Banking responsibly after COVID-19
At a time when resilience is a priority in many (virtual) boardrooms around the world and regenerative is the new buzzword being attached to everything from fashion and food and travel, plain old responsibility can feel tired and neglected. And yet, the responsibility agenda remains foundational. Failure to act responsibly – as the banking sector knows only too well – erodes trust. Without trust, it is difficult for any business to be resilient, let alone regenerative.
Beyond COVID-19, the unfolding climate emergency is also changing what it means to be a responsible bank.John Elkington, Founder and Chief Pollinator, Volans
The potential business impact has been underscored recently by the forced resignations of Rio Tinto’s chief executive officer and two of his senior colleagues. But most businesses are unlikely to be involved in the destruction of caves used by Aboriginals for 46,000 years. So, what does it really mean to act responsibly, particularly in pandemic times?
Whether or not they are equipped to do so, COVID-19 is forcing most businesses to confront existentially challenging questions about how to balance their responsibilities to different stakeholders – employees, customers, suppliers, shareholders and communities. And because of the way they are stitched into the fabric of our economy, retail banks have a particularly important role to play in helping society weather the economic storm and build back responsibly.
Today, Business in the Community (BITC), in partnership with Santander UK and Volans, is launching a report exploring that role in detail. It marks the first anniversary of the launch of the UN Principles for Responsible Banking, looking at how those principles are being – and can be – put into practice by the UK retail banking industry.
The fallout from COVID-19 inevitably looms large. Even before the pandemic, an estimated 11.5 million people in Britain had less than £100 in savings to fall back on. As banks (for sound business reasons) look to minimise their risk exposure, there is a danger that they will unintentionally exacerbate the social and economic crisis.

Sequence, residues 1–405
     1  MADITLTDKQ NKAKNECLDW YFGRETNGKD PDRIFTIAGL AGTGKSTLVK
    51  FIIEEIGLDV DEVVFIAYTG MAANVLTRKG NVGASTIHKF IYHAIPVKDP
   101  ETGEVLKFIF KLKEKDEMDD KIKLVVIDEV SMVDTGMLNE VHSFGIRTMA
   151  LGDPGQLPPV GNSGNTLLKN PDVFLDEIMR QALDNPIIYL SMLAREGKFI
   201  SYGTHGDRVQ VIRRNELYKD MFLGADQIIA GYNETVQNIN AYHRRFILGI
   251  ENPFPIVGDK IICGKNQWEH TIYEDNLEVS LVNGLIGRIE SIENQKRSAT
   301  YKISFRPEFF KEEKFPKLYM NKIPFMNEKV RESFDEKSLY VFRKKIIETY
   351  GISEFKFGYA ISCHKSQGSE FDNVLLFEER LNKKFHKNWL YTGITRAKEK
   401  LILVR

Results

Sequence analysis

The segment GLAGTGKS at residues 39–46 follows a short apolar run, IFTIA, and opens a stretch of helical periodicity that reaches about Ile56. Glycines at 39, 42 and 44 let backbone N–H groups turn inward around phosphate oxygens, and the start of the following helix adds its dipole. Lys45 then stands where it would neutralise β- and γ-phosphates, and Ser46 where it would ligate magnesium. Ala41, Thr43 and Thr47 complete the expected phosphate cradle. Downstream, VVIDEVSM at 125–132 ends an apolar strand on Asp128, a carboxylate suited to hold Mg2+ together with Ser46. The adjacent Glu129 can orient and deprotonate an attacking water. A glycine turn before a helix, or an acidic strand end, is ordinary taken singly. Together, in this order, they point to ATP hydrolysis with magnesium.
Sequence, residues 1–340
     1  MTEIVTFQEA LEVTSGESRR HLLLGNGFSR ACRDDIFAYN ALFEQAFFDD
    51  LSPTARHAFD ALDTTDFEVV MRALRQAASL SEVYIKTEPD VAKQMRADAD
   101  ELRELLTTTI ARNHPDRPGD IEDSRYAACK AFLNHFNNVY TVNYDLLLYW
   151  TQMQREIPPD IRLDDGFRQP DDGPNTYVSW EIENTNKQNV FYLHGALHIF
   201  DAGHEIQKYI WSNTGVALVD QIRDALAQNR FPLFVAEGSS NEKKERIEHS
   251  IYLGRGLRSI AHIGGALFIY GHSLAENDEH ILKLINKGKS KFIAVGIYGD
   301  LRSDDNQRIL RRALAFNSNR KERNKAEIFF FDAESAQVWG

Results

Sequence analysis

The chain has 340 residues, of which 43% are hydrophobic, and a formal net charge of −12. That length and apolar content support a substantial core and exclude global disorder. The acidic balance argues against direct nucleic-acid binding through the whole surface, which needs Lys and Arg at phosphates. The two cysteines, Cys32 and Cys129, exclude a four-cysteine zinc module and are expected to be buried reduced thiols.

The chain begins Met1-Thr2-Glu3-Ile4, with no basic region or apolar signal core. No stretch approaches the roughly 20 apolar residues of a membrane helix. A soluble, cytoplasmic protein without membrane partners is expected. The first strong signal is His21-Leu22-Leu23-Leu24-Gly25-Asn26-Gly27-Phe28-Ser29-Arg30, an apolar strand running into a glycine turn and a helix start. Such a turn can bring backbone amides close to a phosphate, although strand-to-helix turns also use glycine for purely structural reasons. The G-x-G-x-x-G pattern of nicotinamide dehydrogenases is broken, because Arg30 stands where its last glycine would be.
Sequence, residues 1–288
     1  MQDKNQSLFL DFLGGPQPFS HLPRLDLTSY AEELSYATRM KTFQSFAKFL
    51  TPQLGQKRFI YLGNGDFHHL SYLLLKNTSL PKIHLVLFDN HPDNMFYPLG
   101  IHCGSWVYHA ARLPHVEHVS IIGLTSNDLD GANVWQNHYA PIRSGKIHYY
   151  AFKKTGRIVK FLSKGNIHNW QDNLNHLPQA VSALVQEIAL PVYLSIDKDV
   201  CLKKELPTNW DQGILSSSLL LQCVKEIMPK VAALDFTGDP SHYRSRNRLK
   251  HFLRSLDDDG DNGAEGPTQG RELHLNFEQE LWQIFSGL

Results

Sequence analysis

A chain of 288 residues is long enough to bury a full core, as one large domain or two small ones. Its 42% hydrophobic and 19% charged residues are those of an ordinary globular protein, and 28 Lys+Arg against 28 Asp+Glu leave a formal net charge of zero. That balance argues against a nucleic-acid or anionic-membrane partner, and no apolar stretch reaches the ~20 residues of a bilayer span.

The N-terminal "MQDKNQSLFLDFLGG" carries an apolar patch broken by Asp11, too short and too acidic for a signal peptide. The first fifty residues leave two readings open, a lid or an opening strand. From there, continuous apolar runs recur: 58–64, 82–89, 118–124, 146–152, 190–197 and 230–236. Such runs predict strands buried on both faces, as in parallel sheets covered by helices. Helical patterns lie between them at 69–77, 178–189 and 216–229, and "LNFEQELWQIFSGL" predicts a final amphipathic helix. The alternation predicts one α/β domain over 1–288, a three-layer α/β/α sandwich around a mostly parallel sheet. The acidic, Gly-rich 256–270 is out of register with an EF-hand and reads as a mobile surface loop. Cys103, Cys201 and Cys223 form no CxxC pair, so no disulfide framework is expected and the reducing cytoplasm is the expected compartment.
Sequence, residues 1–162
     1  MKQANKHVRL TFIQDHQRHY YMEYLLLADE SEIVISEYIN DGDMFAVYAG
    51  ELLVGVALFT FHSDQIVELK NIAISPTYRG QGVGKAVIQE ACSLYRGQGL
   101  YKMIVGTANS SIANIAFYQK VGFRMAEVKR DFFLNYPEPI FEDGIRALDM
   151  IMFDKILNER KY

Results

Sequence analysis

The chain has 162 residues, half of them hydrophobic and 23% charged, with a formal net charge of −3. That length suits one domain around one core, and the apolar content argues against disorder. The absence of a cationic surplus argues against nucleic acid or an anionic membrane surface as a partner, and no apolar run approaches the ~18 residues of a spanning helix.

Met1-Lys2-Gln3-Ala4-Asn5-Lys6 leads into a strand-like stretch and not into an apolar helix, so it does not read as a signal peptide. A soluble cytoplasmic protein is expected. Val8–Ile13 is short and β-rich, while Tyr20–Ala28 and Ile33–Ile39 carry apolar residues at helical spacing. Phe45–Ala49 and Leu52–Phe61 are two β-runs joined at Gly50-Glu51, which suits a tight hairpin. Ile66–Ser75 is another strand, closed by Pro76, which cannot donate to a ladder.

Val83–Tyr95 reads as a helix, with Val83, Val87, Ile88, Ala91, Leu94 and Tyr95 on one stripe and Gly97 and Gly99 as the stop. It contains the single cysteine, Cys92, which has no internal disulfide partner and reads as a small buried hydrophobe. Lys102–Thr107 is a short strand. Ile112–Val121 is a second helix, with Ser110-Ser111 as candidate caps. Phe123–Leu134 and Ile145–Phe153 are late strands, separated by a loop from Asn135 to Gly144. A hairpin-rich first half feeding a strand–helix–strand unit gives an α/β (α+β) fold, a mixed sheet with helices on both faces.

Tightening access to credit may be the right thing to do from the perspective of shoring up balance sheets, but banks must be acutely aware of the effect this will have on individuals and businesses needing finance – and on the communities that depend on them.
Beyond COVID-19, the unfolding climate emergency is also changing what it means to be a responsible bank. Campaigns such as Make My Money Matter are encouraging more of us to take an interest in how our money – whether in a bank account, pension fund or ISA – is being put to use. Products such as “green” loans and “green” mortgages are starting to take off, with the potential to help channel finance towards a lower carbon, more inclusive recovery.
Banks of all sizes must also now grapple with the implications of rapid technological change. Topics such as cyber-fraud and algorithmic bias that still appear peripheral to many customers today can only grow in importance.
These challenges are too big for any one institution to grapple with alone, which is why collaboration within and between sectors is vital. We very much hope that this report, and the responsible banking initiative it feeds into, can play a part in helping the retail banking sector to wield its considerable influence to shape an economy that delivers for both people and planet.
John Elkington is Co-Founder and Chief Pollinator at Volans, a research and advisory firm focused on sustainability, innovation and market transformation. John is one of the founders of the global sustainability movement, an experienced advisor to business and a highly regarded speaker and writer. His latest book, Green Swans: The Coming Boom In Regenerative Capitalism, was published in April by Fast Company Press.
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